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Michigan May Soon Become First State to Allow Self-Driving Cars, Some Consumers Express Concern About New Technology


Story Highlights:
  • An estimated 10 million autonomous cars expected on the road by 2020
  • Consumers cite safety as main cause for hesitation over new technology
  • Several U.S. states allow testing for autonomous vehicles, will possibly follow Michigan's lead with new bill

Fully autonomous cars, self-driving cars without a human at the wheel, will now be allowed on the roads of Michigan, thanks to new legislation which passed this past month. Although many self-driving cars have been testing with humans behind the wheel, in case of an unexpected situation or emergency, this is the first bill of its type to pass. The Michigan bill even specifies that the automaker would be liable in case of an accident, not the driver.


Most (if not all) car manufacturers, including Google, Tesla, and Ford, have been working on self-driving technology recently, and are expected to be in production soon. With the necessity and danger of driving today, self-driving technology will hopefully drastically cut down on the amount of fatal car accidents.

According to a recent report done by Business Insider Intelligence, an estimated 10 million self-driving cars will be on the road by 2020. Although it may still seem like an unimaginable piece of technology from a futuristic Utopian society, many have begun to test and perfect fully autonomous cars before they become consumer available.

With almost every automaker rushing to perfect their autonomous technology to get it to the testing and consumer stages, it may not be hard to imagine a not so distant future where many cars on the road are autonomous, with obvious benefits of this groundbreaking technology being safety and convenience. In the same Business Insider report, it was estimated that this technology will result in 2,500 less deaths in the United Kingdom between 2014 and 2030, a significant figure that would likely be the result of less accidents being caused by human error.


Source: gigaom.com
According to a recent survey, fittingly published by the University of Michigan, approximately 56.8% of the respondents from three different countries (United States, United Kingdom, and Australia) had a positive opinion regarding self-driving vehicles. However, still a large chunk of people are not fully onboard with the idea, most likely because of the drastic implications of the new technology.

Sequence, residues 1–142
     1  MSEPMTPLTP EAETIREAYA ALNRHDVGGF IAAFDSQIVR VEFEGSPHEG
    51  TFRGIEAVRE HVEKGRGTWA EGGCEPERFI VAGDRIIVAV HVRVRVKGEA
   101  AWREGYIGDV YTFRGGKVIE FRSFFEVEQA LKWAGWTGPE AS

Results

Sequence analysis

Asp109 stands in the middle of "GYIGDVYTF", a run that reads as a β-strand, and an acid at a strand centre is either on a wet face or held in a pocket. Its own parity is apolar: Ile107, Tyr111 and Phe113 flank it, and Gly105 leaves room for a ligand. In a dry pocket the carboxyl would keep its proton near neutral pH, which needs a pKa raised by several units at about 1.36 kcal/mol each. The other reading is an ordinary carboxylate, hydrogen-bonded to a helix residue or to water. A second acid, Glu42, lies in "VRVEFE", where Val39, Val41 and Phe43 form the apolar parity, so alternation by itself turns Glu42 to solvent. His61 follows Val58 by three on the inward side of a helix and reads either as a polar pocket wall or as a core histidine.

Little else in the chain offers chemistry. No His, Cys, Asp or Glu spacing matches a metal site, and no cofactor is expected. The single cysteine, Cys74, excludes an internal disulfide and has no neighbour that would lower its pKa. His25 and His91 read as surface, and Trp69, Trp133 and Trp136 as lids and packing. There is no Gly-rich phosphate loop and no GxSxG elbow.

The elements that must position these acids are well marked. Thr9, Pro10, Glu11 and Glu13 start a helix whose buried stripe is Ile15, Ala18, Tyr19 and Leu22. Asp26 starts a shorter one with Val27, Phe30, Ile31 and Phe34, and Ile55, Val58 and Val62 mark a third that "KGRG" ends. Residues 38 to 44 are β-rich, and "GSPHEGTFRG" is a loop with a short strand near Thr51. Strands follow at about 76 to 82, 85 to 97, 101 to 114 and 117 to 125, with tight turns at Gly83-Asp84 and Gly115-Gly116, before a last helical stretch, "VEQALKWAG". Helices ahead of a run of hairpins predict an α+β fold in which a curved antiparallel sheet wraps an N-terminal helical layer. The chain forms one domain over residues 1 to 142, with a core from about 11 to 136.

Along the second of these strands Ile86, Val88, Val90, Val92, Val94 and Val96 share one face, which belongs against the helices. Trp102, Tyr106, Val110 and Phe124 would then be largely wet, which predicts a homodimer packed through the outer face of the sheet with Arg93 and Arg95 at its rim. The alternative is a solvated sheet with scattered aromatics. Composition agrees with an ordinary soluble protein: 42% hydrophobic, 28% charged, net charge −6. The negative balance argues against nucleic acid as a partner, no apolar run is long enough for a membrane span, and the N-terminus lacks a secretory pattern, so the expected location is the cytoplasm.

When asked about the potential benefits of autonomous vehicles, respondents seemed hesitant about self-driving technology leading to shorter travel times and less traffic congestion, but fairly confident that this technology would result in fewer crashes and a safer overall driving experience.

However, when asked to rate their concerns and issues with respect to this self-driving technology, a majority of respondents did express hesitance and worries about potential security vulnerabilities for hackers to exploit, the system's response to unusual situations, or consequences of possible system/equipment failure.

Although many consumers are on board with the idea of autonomous vehicles, most do express concerns about issues that can arise when operating. Especially since this technology is brand new and its implications could be extremely large, it may in fact take awhile to win over customers to prove the safety and decline in risk from humans being behind the wheel. With Michigan passing this bill, this is probably not the last we'll hear about potential controversy arising from the new legislation regarding this life-changing technology.



With many automakers already publicly testing their autonomous cars, it's likely many states will follow Michigan's lead and pass similar bills that will allow fully autonomous cars on public roads. With Uber, a major rideshare company, testing self-driving cars in Pittsburgh this month, the technology is becoming extremely prominent and is moving closer and closer to becoming a part of our daily lives. 

In addition, several states, such as California, Nevada, Florida, and Washington D.C., have passed legislation allowing the testing of fully autonomous vehicles. It is likely that these states will soon follow Michigan's lead, especially since the bill passed in Michigan with bipartisan support. Although some consumers hold hesitations about the new technology, more states are slowly passing legislation to test and permit fully autonomous cars to benefit its residents in the near future.

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